Posted by & filed under Consumerism, Economics, GMOs, Health & Disease, Society.

I awoke this morning eager to find out the results of November 6th’s voting in the U.S. of A. And no, I’m not talking about the tiresome presidential election….

The voting I’m referring to is in regards to Proposition 37 — the bill aimed at getting GMO-containing foodstuffs labelled in California. As recent posts in our GMO category will tell you, I’ve been keen to see people backing this bill, so they can be empowered with the right to choose.

This bill was, to me, a ‘no brainer’. It would simply serve to legislate what should be a basic human right — the right to know. But, as is usually the case where basic rights and simple ethics come up against financial interests, the money clouds the issue and wins almost every time.

Proposition 37 was quashed yesterday, under the weight of over 45 million dollars worth of corporate-funded media campaigning. Only a few weeks ago, polling had the ‘yes’ vote (that’s yes to labelling) at over 60%, but then Monsanto and its Big Industry friends (including DuPont, Bayer, DOW Agrisciences, Pepsico Inc., Kellogg, General Mills, and other ‘food’ and pesticide companies) let loose a flurry of deceptive radio and television adverts, carefully designed to herd Californians back into their monopolistic, plutocratic fold. "That’s it people — hurry along now. Trust us, we know what we’re doing… and where we’re going…".

Now that November 6 has passed us by, and GMOs are still free to promiscuously wander Californian shelves without labelling, the No to 37 campaign’s methods of working are under the spotlight, along with accusations of blatant criminal fraud.

As I type, the sleet and rain outside does nothing to improve my mood, as I realise that even today people will succumb to the most ludicrous arguments — where corporate brainwashing can get the general public to not only desire their own destruction, but to even venture out into the community to vote for measures that will help ensure it (à la cartoon at top).

And yet, I take heart in the knowledge that although yesterday’s battle may be lost, the war is only beginning. The ‘No’ vote, despite the massive funding behind it, overcame by only a slim margin. This means that there is a large and growing momentum in understanding in the U.S.A., and I hope we will see this ballot-based bill move from state to state, until the victory is won.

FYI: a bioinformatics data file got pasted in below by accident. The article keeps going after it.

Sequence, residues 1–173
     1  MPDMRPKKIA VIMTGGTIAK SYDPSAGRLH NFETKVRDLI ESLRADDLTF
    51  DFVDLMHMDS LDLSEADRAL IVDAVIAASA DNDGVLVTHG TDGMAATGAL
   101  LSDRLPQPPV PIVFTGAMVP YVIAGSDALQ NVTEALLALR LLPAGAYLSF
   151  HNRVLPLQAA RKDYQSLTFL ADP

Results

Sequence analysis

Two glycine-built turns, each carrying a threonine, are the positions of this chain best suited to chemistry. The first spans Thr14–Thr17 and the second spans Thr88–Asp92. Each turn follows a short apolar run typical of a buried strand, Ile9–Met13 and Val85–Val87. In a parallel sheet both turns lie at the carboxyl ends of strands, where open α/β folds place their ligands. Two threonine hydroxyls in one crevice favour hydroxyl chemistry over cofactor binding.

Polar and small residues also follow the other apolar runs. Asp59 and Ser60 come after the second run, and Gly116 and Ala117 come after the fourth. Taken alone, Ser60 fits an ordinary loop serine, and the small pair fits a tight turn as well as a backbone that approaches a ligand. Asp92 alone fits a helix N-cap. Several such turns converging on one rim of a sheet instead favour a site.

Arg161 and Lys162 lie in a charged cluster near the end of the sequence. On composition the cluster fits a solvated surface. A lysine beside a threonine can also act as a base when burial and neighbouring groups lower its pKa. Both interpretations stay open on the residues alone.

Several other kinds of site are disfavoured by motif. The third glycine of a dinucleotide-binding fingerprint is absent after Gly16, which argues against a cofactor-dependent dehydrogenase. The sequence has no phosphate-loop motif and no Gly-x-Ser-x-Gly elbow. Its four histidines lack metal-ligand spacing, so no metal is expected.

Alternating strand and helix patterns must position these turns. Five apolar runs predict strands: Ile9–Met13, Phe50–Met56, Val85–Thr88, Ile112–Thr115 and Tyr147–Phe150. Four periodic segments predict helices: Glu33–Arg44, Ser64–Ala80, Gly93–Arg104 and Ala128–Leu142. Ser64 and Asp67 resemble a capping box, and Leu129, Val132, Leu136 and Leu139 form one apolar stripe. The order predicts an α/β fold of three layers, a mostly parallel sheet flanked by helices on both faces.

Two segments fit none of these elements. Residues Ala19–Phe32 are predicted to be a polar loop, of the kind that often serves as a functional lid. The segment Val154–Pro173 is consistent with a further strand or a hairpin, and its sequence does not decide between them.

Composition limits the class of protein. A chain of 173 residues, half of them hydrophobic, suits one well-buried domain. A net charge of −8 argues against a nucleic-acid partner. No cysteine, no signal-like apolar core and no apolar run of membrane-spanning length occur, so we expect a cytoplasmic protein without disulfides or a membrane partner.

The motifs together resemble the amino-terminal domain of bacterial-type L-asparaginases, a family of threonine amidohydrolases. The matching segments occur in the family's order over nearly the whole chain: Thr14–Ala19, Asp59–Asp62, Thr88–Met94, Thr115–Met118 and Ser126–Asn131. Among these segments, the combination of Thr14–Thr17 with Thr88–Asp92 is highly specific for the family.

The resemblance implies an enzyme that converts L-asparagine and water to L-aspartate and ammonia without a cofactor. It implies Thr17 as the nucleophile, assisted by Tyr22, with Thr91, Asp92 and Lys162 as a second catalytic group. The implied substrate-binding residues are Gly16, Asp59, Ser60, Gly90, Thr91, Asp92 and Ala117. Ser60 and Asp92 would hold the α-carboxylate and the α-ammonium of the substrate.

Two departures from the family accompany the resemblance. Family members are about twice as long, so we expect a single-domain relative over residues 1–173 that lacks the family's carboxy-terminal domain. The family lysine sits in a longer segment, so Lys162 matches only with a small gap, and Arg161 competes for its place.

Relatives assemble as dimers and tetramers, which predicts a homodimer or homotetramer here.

I think it’s important to consider a base problem here. Laws are being drawn up and implemented, not because of debate, not through sound argument, reason, or through holistically joining the dots across civilisation to get the clearest picture of the best way forward. Rather, they’re being imposed on an unsuspecting public by a disgustingly wealthy and biased corporate elite who have only their own best (but short term) interests at heart. Until we get the money out of politics, which means getting industry out of politics, efforts along these lines will always be one step forwards, and two back.

While we figure out exactly how to do that, there is something direct you can do in the interim to help ensure the next ballot has increased chances of success — you can punish those pretentious ‘natural’ brands who helped finance the No to 37 campaign, by boycotting their products:

7 Responses to “We Don’t Want to Know”

  1. Frederic Scholl

    Good drawing, sadly too real.

    Never soon enough you’ll tell me but not to despair, the campagne and run up for the vote has created an unprecedented buzz and growth of awareness wordwide of the risks and danger of gm crops and foods, great documentaries, conferences, seminars, seralini’s and other new studies coming out everyday are filling mainstream papers all over like never before, weighting down the scale to the right side. Schools, doctors, associations have sharpened their strategies to impose the other way and general public largely improved its understanding of the situation.

    That also participated to identify more clearly the many corrupt scientists, press, officials and politicians working to crook people and ecosystems. Displayed the templated corporate strategy of controle and corruption also applied in medical, finance, education, defense etc…

    Where you had an shapeless mass of ignorance is emerging a fiercely informed population, it won’t be about majority anyway but critical mass.